Brevards Art Gallery
At his freshly squeezed Wynwood space, John Brevard has quickly become the envy of neighborhood artists. His eponymous 4,500-square-foot showroom opened in March 2010 with champagne-soaked splendor that included a red carpet and velvet ropes, $10 valet parking, a jazz saxophone soloist, and a fashion show. Revelers at the inaugural were treated to gift bags and photographed for a spread in a design magazine as they arrived at the swank affair. Brevard has filled his gallery with surreal black-and-white drawings, inspired by a visit to a shaman and his immersion into an altered state following an ayahuasca trip in 2001, and with gleaming, spit-polished sculptures combining steel and petrified wood from his Merging Economy and Ecology series. An eighth-generation Floridian whose ancestors founded Brevard County, the 27-year-old artist had never exhibited with a gallery before. Brevard showcases only his own work in this space.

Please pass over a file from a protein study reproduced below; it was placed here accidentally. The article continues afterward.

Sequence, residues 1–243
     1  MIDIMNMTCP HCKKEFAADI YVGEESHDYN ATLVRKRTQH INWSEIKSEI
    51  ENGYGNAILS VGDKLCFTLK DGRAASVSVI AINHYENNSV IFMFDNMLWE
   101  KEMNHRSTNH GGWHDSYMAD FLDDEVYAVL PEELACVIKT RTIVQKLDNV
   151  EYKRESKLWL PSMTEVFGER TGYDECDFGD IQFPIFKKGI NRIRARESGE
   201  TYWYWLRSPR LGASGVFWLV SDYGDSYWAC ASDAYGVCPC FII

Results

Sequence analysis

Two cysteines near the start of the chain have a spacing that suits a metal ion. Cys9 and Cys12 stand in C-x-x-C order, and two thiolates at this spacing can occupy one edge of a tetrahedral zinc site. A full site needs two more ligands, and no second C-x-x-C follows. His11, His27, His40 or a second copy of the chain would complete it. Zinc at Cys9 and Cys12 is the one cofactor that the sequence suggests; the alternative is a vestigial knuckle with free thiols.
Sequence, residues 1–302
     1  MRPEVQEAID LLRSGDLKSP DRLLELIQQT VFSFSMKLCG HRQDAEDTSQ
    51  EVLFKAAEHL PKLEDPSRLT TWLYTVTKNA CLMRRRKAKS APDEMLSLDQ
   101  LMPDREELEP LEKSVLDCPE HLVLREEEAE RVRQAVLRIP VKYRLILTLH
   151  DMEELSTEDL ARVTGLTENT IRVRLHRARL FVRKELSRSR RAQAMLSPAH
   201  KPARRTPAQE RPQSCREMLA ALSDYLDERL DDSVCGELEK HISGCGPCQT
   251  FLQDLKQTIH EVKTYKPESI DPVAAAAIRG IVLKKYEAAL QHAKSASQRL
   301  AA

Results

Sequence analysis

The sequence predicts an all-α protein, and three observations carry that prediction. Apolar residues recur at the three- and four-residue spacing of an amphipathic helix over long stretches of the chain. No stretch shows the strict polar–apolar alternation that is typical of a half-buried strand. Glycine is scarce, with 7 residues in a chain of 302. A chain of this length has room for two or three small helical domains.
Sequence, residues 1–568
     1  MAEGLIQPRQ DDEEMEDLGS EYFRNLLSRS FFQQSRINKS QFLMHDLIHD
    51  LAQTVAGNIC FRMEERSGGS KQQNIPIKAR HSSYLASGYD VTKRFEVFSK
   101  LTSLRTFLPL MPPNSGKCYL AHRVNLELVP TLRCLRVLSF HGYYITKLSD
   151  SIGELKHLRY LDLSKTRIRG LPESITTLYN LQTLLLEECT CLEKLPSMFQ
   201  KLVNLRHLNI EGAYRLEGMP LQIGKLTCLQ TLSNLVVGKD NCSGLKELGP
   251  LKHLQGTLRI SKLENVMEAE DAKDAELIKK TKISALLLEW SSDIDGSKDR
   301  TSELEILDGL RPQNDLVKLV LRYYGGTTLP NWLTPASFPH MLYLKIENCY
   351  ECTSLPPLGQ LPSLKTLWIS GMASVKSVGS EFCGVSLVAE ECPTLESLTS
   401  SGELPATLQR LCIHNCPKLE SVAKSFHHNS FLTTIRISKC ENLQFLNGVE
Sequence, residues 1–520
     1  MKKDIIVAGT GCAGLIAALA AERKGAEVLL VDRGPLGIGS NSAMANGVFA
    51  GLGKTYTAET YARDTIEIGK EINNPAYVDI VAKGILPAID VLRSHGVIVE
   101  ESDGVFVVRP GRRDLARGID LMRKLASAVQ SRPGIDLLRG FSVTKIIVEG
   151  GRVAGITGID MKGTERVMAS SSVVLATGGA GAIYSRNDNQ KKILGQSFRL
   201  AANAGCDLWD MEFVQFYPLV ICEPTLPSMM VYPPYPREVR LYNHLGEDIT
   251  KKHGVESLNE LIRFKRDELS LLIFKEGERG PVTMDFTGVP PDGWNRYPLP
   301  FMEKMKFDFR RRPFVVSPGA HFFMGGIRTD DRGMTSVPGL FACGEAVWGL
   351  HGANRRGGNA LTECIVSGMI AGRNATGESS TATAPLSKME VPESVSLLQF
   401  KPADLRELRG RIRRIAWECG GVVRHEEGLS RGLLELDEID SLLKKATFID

Say you're a new mayor and you want to make a splash. Say your city is known for malfeasance. And say you just whacked the pain-in-the-butt police chief because he wouldn't do your bidding. What do you do? You arrest a bunch of chumps on corruption charges to show the size of your mighty cojones. Problem is, Miami Mayor Tomás Regalado overstretched this past April when he pushed his new top cop, Miguel Exposito, to arrest three cops, one city worker, and four people who work for nonprofits that received taxpayer money. Prosecutors quickly denounced the arrests, which were mostly for penny-ante crimes. Then, a month later, they dropped charges against four of the alleged miscreants. We never thought the day would come when we would miss former Chief John Timoney, but this fiasco convinced us.
OHWOW
Courtesy of O.H.W.O.W.